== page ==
Intervention involves recognizing when someone is at risk for suicide and referring the person to appropriate treatment.
It is critical that school districts and the schools establish guidelines for identifying, protecting and assisting students who exhibit suicidal or other dangerous behavior.
School administrators are encouraged to identify at least one staff member to be an on-site mental health coordinator. This individual could be a school counselor, psychologist, social worker, or school nurse. Rural schools may select a teacher.
Schools are encouraged to develop a “crisis response plan” outlining procedures for school personnel to follow when working with students exhibiting suicidal behaviors. This plan should be developed by the school administration and should consider input from faculty and staff.
School districts are encouraged to create a crisis team that includes local mental health agencies. When needed, mental health professionals outside the school may assist the school crisis team. All crisis team members, including professionals from mental health agencies, hospitals, private providers and law enforcement would receive training.
Most people who attempt suicide give signs of their intention. Recognizing these warning signs are key to intervention. The following are common warning signs:
- Talking or writing about death or wanting to die
- Looking for a way to kill oneself
- Talking about feeling hopeless or having no purpose
- Talking about feeling trapped or being in unbearable pain
- Talking about being a burden to others
- Increasing the use of alcohol or drugs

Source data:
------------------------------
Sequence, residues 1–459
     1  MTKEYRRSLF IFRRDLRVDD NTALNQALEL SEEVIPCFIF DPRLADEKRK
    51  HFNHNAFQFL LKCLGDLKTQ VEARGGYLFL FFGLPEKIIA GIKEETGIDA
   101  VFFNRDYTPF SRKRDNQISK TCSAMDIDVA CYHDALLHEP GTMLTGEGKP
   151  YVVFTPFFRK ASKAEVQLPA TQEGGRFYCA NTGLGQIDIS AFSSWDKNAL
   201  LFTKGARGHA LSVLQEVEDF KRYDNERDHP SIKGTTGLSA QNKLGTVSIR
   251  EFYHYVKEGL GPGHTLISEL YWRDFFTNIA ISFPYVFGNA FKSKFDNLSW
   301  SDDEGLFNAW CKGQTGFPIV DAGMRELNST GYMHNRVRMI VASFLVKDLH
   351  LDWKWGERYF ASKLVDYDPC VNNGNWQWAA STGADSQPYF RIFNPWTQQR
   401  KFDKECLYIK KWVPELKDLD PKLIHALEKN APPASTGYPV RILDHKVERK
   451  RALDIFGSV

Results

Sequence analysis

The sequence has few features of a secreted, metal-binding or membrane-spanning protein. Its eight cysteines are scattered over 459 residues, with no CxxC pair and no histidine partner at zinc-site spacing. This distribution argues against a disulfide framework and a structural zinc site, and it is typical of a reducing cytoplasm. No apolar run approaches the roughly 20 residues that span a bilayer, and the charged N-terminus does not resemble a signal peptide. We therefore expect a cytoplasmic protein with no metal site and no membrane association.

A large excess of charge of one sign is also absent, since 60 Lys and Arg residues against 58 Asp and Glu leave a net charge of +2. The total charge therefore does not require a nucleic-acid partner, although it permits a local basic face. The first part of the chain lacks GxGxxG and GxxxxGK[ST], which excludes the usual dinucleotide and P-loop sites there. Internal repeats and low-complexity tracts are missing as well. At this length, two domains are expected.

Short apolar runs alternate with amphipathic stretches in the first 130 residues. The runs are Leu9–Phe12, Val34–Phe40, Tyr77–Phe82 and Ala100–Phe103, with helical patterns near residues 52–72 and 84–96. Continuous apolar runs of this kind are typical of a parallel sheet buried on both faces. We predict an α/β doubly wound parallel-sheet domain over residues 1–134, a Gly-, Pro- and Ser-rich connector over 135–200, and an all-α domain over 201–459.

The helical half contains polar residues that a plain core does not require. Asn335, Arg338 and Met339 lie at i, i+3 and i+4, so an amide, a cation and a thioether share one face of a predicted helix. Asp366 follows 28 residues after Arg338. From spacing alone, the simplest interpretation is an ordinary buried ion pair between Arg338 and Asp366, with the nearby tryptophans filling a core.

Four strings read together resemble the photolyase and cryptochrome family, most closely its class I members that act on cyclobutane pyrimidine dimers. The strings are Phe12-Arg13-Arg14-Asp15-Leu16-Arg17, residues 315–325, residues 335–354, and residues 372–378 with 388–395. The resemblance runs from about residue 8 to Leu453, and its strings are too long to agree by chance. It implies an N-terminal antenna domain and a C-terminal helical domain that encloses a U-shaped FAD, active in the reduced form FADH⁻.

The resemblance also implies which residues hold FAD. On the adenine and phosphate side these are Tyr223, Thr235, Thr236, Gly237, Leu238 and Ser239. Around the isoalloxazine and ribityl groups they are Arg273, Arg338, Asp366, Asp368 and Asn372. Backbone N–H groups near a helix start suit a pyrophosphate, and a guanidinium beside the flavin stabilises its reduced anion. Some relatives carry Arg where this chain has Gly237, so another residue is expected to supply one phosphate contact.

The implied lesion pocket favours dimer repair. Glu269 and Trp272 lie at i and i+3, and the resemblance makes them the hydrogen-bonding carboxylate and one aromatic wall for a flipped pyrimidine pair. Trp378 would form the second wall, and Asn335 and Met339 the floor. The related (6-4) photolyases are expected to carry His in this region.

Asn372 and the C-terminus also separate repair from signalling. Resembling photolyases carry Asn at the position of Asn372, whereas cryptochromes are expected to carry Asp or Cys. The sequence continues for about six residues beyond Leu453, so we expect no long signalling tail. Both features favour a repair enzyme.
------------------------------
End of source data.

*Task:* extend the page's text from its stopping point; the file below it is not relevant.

- Acting anxious, agitated, or reckless
- Sleeping too little or too much
- Withdrawing or feeling isolated
- Showing rage or talking about seeking revenge
- Displaying extreme mood swings, including sudden happiness after a long period of depression, which indicates relief at choosing to die
Hope Squad members are trained to recognize warning signs of suicide in their peers, reach out, and refer their peers to trusted adults.
Tips for Parents
Know the warning signs!
Do not be afraid to talk to your child. Talking to your children about suicide will not put thoughts into their head. In fact, all available evidence indicates that talking to your child lowers the risk of suicide.
Respond with belief and compassion. If your child discloses suicidal thoughts, do not say things like, “You don’t really feel that way” and “But you have so much to be grateful for!”
Suicide-proof your home. If you have any concerns about your child, make knives, medications, and firearms inaccessible.
Use school and community resources. This can include your school psychologist, crisis intervention personnel, suicide prevention groups or hotlines, or private mental health professionals.
Take immediate action. If your child indicates he/she is contemplating suicide, or if your gut instinct tells you they might hurt themselves, get help. Do not leave your child alone. Even if he denies “meaning it,” stay with him. Reassure him. Seek professional help. If necessary, drive your child to the hospital’s emergency room to ensure that she is in a safe environment until a psychiatric evaluation can be completed.
Listen to your child’s friends. They may give hints that they are worried about their friend but be uncomfortable telling you directly. Be open. Ask questions.
School personnel should not counsel at-risk students. If concerned about a student’s behavior and safety, they should refer the student to a trained resource, as directed by the school’s policy. These resources may be a counselor, a school social worker, a school nurse, or another support person.